“That brought up the aunt’s death, which was the thing the kidnapper’s most wanted to avoid. They needed to keep her unharmed if they hoped to get any money. They were commodity traders after all. Notice that until this point, the nephew hadn’t named a price. This game of attrition finally pushed the kidnappers to name a number first. Without prodding, they dropped to $50,000. Now that the kidnapper’s reality had been bent to a smaller number, my colleagues and I told the nephew to stand his ground.
“‘How can I come with that kind of money?’ we told him to ask. Again the kidnapper dropped his demand to $25,000. Now that we had him in our sights we had the nephew make his first offer; an extreme low anchor of $3000. The line went silent and the nephew began to sweat profusely but we told him to hold tight. This always happened at the moment the kidnapper’s economic reality got totally rearranged. When he spoke again the kidnapper seemed shell shocked, but he went on.
“His next offer was lower; $10,000. Then we had the nephew answer with a strange number that seemed to come from deep calculation of what his aunt’s life was worth; $4751. His new price; $7500. In response, we had the nephew ‘spontaneously’ say he’d throw in a new portable CD stereo and repeated the $4751. The kidnappers, who didn’t really want the CD stereo felt there was no more money to be had and said ‘yes.'”
This story notes multiple techniques, including anchoring (which I discuss here) and throwing in other items, often of low monetary value, to facilitate a deal (which I discuss here). But notice how just asking “How can I come up with that kind of money” by itself got a bunch of scumbags to drop their request in half. Even thieves and kidnappers feel pressure to act “fair” and work in your interest when you ask the simple question “how.”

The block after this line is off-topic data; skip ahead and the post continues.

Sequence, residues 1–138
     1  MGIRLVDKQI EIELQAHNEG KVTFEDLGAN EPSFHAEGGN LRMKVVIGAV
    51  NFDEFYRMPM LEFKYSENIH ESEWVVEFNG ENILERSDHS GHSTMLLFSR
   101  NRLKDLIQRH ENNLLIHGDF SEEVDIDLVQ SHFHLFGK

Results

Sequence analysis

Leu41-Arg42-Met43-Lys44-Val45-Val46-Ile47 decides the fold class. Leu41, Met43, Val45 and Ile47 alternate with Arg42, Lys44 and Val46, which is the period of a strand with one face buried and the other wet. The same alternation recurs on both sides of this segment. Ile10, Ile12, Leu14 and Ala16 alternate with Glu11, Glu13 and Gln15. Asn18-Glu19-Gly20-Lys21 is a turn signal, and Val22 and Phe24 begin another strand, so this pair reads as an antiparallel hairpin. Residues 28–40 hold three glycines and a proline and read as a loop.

Align Your Interests
Indeed, this is effectively the technique my brother uses when dealing with upset tenants that has won him the nickname “The Tenant Whisperer.” Effectively, he puts himself on the tenant’s side in these negotiations-of-sorts. He is their ally looking for the best possible solution (not necessarily what the tenant wants), with the lease, law, company policy, or owner acting as the “enemy.” If the tenant wants a to be let out of their lease for whatever reason, the question basically is, “How am I supposed to do that when the lease says that’s not allowed without a break-lease fee?” And then follow up by adding the law to our list of enemies: “The law would require us to allow every tenant to do that if we let you out.”
Now, all of a sudden, the tenant is on your side trying to solve the “how” problem my brother highlighted. And that problem is caused by that horrible, good-for-nothing lease. More often than not, the situation works itself out in a relatively painless way—and the tenant is happy (or at least as happy as you could expect), to boot.
There are all sorts of situations this simple word switch can benefit. So think “how” and not “why” the next time you’re in a negotiation.
Do you frame your negotiation questions surrounding “how”? Has this helped?
Weigh in below!